NetBytes

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NetBytes is a language created by User:iconmaster in 2016.

It severely limits the available memory and program length of programs, instead requiring networking to get more complex tasks done. Only through inter-process communication could it truly be a Turing-complete language.

Model

Programs in NetBytes are composed of up to 128 commands, each command on one line. Programs execute from the top down, looping back to the beginning if necessary. Commands take the form:

   [label:] cmd [arg1 arg2 ... argn]

Labels may be on their own line. Line comments start with #.

Programs are given 12 1-byte, unsigned registers. Only 5 of them are for general use; the other 7 are for special use with some commands.

The registers are:

Register Group Use
A0 to A5 The address registers. Used for forming IP addresses for communication. Initially, the lower 4 form the 4 parts of the IPv4 localhost.
T0 to T4 The temporary registers. For general programmer use. Initially all zero.
F0 The fork register. Used with the FRK command (see below).

Internally, there are two condition flags, called Z and N. This is used for conditional jumps. They are both initially cleared.

There is an internal IP mode, used to switch between IP protocols. It can be either in IPv4 mode or IPv6 mode. It is initially set to IPv4 mode.

There is an internal structure called the connection stack. It is a stack, maximally 2 items large. When a connection is made, the details are pushed onto the stack. When a connection is ended, it pops a value off. This way, you can have multiple connections, but only the most recent connection is used for sending an receiving data.

Commands

Command Result
MOV RD RS Sets the register RD to the value of RS.
MVI RD C Sets the register RD to C. C must be between 0 and 15.
ADD RD RS Sets the register RD to RD plus RS.
SUB RD RS Sets the register RD to RD minus RS.
MUL RD RS Sets the register RD to RD times RS.
DIV RD RS Sets the register RD to RD divided by RS.
MOD RD RS Sets the register RD to RD modulo RS.
NOR RD RS Sets the register RD to the bitwise NOR of RD and RS. This should suffice for all bitwise operations.
CMP R1 R2 Subtracts R2 from R1. Sets Z if the result is 0, and clears it otherwise. Sets N if the result would be negative, and clears it otherwise.
JMP L Jumps to the command at label L.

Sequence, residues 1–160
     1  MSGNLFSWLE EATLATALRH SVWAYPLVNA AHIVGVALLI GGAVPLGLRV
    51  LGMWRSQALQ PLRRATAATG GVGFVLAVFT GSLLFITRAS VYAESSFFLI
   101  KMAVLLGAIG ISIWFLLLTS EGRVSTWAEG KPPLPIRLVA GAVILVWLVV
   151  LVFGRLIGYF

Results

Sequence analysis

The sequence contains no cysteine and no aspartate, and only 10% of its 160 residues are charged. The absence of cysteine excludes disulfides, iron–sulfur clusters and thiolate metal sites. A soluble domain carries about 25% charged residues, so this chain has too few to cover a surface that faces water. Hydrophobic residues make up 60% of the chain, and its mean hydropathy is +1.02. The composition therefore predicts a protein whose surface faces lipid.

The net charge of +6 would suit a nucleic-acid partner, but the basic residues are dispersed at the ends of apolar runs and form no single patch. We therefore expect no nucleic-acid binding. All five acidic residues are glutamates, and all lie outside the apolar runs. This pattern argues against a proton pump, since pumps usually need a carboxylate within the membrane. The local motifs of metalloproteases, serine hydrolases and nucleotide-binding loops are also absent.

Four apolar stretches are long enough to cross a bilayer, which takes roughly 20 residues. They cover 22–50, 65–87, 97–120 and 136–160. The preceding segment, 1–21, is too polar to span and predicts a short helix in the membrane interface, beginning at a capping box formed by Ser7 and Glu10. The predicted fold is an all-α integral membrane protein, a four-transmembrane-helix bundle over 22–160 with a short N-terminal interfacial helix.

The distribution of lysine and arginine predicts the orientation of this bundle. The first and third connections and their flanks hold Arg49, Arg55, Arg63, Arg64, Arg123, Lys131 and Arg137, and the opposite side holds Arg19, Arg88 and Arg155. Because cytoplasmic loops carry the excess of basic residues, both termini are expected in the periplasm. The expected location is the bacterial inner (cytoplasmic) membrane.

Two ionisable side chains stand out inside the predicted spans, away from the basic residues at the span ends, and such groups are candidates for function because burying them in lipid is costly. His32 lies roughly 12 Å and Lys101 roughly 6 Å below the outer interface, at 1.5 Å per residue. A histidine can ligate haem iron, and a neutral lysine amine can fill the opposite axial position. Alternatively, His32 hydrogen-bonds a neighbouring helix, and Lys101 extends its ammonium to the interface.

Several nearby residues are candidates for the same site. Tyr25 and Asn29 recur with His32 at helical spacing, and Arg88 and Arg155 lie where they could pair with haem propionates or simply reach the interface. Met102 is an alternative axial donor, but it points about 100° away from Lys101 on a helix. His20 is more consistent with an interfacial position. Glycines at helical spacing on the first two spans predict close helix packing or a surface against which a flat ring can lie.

JPZ L Jumps to the command at label L, but only if Z is set.
JPN L Jumps to the command at label L, but only if N is set.
HLT Halts program execution.
INP R Gets a single character of system input, and places it in register R.
OUT R Prints a single character to system output from register R.
IP4 Switches the IP mode to IPv4 mode. It also clears A0 to A3, placing the 4 bytes of IPv4's localhost into it.
IP6 Switches the IP mode to IPv6 mode. It also clears A0 to A5, placing the 6 bytes of IPv6's localhost into it.
WFC Waits for a connection. The program blocks, and resumes execution when a connection has been established with another NetBytes program.
CON Initiate a connection. The program blocks, and resumes execution when a connection has been established with another NetBytes program. It sends a request on the IP specified by the address registers.
SND R Sends data over a connection. The data in register R is sent, and the value is received by the other program's RCV command.
RCV R Retrieves data over a connection. It blocks until data is sent by the other program, and then stores the received value in register R.
END Terminates a connection.
FRK R Forks this program, creating a new process. It takes the value in register R, and places it in the new process's F0 register. The forked program begins at the beginning, and with all data initialized. A root program has an initial F0 of 0.

Examples

Cat

    INP T0
    OUT T0

Fork Cat

Creates a process that takes input. Output is displayed on the other instance.

    MVI T0 1
    CMP F0 T0
    JPZ SERVER
    WFC
CLIENT:
    INP T1
    SND T1
    JMP CLIENT
SERVER:
    FRK T0
    CON
SERVLOOP:
    RCV T1
    OUT T1
    JMP SERVLOOP